The CTE building in St. Paul will be 56 feet deep and 121 feet wide, according to the plans. It will have two classrooms, two project labs, two boys and two girls bathrooms, storage spaces and offices. There also will be a pair of overhead sectional doors to serve the two sides of the building and a cover in the front.

The St. Paul facility will face Highway 16/23 on the school campus.

According to the plans, the CTE building in Huntsville will be built along North College next to the maintenance and transportation building. It will be built north to south with six classrooms,  four project labs, storage rooms, offices, overhead sectional doors, 10 total bathrooms, and two outside covers.

The two sections of the Huntsville building will be 55 feet deep and  approximately 300 feet wide total, according to Boone.

Based on student surveys, St. Paul CTE will be used to teach auto body shop and certified nursing assistant classes. The Huntsville CTE will offer instruction in diesel mechanic, CNA, welding and one more area, possibly emergency response. The CNA testing also could be done locally.

Noble said the original cost estimate was for $125-130 per square foot. The current cost is around $142 per square foot in Huntsville and a bit more than that in St. Paul.

Noble added, “We do this a lot and this is a process. It’s a process that happens all the time. It’s something we work through to get to certain numbers. Nothing out of the ordinary here.”

Noble added, “Like we’ve said 15 times, it’s a process and we’re still working on it and we’re moving in the right direction. We need to huddle up and make decisions on these items.”

Superintendent Dennis Fisher said he would be the “go-to” guy to work with the construction company, then he would keep the board informed. Fisher said Huntsville High Principal Roxanne Enix and St. Paul Principal Audra Kimball have worked to gain partnerships with businesses and colleges for the CTE programs.

Thomas said caution at this point is a good thing.

“Going fast and saving money, the going fast part, sometimes if we’re not careful and we don’t do it the right way, that’s when mistakes are made.”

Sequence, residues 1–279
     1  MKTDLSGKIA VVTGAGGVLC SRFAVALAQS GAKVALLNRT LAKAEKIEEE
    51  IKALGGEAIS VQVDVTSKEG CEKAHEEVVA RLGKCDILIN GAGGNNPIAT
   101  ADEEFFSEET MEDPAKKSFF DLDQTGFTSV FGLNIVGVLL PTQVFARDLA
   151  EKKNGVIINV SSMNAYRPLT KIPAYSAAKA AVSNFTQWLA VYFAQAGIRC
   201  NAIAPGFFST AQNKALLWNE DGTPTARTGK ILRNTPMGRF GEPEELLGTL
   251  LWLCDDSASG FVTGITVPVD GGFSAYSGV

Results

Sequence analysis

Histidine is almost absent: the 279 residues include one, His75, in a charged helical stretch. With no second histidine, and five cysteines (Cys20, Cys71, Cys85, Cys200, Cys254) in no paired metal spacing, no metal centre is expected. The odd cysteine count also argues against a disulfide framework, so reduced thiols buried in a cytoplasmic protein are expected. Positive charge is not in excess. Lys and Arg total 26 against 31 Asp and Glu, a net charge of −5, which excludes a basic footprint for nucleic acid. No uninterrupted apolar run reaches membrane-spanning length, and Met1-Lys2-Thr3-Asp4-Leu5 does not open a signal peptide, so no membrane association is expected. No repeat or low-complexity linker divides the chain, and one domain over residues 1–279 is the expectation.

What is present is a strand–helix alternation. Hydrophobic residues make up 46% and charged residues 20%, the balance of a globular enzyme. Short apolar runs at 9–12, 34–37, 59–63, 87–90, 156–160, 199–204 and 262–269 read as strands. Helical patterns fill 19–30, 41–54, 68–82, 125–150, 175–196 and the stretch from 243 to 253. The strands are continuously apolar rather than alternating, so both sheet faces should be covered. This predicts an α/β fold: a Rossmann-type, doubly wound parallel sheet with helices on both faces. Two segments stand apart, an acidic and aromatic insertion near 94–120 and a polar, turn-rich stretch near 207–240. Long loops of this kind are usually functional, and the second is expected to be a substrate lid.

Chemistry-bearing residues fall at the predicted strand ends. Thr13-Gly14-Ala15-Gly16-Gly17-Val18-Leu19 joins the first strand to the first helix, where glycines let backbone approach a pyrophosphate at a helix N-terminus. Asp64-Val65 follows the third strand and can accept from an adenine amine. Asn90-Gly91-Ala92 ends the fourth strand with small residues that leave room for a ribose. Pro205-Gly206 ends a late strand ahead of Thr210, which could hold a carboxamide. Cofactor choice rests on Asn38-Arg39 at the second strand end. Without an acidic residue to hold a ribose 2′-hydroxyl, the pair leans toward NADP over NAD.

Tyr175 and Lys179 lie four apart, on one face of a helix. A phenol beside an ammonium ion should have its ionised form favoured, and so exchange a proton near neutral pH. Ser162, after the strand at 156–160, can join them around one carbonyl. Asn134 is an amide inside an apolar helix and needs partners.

Noble added, “We want the best value for the school district.”

Boone  said construction on the CTE buildings could start early in 2020, but a lot depends on the weather.

“We’re sitting ourselves up to be ready to start doing dirt work in the worst time of the year, February.”

Thomas added, “We just want it done as soon as possible at the right way. If it costs us two months to do it right, then it costs us two months.”

Retired school teacher Patti Shinn asked about air conditioning in a new activities center and also the problems associated with having doors in the CTE buildings that open to the outside and how they would affect heating and cooling.

Boone showed on an overhead screen how the problem with the doors could be addressed.

Noble also gave an update on the new HVAC units at both gymnasiums. He projected the St. Paul project to be completed the week of Nov. 18, with the Huntsville project finished the week before Christmas.

“Everything overall is going good,” he said.

The new HVAC units at the two gyms came in more than $178,000 under budget, he said.

Boone was asked about eliminating a concrete security wall in the activities center so that temporary volleyball and basketball courts could be used. He said eliminating the wall means seating would come down to the gym floor, which would add two or three rows of seats. Bleachers could be retracted so that courts could be made crosswise to the main court.

(0) comments

Welcome to the discussion.

Keep it Clean. Please avoid obscene, vulgar, lewd, racist or sexually-oriented language.
Don't Threaten. Threats of harming another person will not be tolerated.
Be Truthful. Don't knowingly lie about anyone or anything.
Be Nice. No racism, sexism or any sort of -ism that is degrading to another person.
Be Proactive. Use the 'Report' link on each comment to let us know of abusive posts.
Share with Us. We'd love to hear eyewitness accounts, the history behind an article.